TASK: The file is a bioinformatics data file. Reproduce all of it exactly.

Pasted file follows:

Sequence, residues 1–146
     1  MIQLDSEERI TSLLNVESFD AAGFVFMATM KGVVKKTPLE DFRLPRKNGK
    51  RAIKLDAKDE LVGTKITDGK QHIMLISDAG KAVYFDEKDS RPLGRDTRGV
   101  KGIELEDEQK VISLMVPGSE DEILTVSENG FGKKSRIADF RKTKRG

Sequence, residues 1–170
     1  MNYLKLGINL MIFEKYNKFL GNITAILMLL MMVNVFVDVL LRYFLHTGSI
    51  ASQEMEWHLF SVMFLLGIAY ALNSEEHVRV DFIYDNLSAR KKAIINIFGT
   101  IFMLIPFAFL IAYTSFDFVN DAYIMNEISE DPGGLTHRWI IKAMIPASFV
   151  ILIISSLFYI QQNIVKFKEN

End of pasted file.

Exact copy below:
Sequence, residues 1–146
     1  MIQLDSEERI TSLLNVESFD AAGFVFMATM KGVVKKTPLE DFRLPRKNGK
    51  RAIKLDAKDE LVGTKITDGK QHIMLISDAG KAVYFDEKDS RPLGRDTRGV
   101  KGIELEDEQK VISLMVPGSE DEILTVSENG FGKKSRIADF RKTKRG

Sequence, residues 1–170
     1  MNYLKLGINL MIFEKYNKFL GNITAILMLL MMVNVFVDVL LRYFLHTGSI
    51  ASQEMEWHLF SVMFLLGIAY ALNSEEHVRV DFIYDNLSAR KKAIINIFGT
   101  IFMLIPFAFL IAYTSFDFVN DAYIMNEISE DPGGLTHRWI IKAMIPASFV
   151  ILIISSLFYI QQNIVKFKEN